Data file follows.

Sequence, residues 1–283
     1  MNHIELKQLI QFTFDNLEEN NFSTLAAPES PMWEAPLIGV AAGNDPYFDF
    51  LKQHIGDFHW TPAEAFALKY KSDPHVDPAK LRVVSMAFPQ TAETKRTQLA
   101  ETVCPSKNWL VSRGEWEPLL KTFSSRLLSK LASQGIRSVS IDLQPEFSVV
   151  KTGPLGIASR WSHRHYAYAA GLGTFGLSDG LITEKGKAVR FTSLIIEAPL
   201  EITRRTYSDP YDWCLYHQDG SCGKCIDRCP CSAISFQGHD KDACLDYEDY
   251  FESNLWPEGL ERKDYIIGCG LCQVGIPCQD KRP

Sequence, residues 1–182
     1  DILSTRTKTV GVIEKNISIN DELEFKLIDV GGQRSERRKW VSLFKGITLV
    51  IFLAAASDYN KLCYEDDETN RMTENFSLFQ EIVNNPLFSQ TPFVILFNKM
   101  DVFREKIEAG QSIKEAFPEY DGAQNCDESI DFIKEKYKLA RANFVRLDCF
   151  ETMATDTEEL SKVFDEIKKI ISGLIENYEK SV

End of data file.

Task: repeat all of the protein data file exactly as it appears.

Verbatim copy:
Sequence, residues 1–283
     1  MNHIELKQLI QFTFDNLEEN NFSTLAAPES PMWEAPLIGV AAGNDPYFDF
    51  LKQHIGDFHW TPAEAFALKY KSDPHVDPAK LRVVSMAFPQ TAETKRTQLA
   101  ETVCPSKNWL VSRGEWEPLL KTFSSRLLSK LASQGIRSVS IDLQPEFSVV
   151  KTGPLGIASR WSHRHYAYAA GLGTFGLSDG LITEKGKAVR FTSLIIEAPL
   201  EITRRTYSDP YDWCLYHQDG SCGKCIDRCP CSAISFQGHD KDACLDYEDY
   251  FESNLWPEGL ERKDYIIGCG LCQVGIPCQD KRP

Sequence, residues 1–182
     1  DILSTRTKTV GVIEKNISIN DELEFKLIDV GGQRSERRKW VSLFKGITLV
    51  IFLAAASDYN KLCYEDDETN RMTENFSLFQ EIVNNPLFSQ TPFVILFNKM
   101  DVFREKIEAG QSIKEAFPEY DGAQNCDESI DFIKEKYKLA RANFVRLDCF
   151  ETMATDTEEL SKVFDEIKKI ISGLIENYEK SV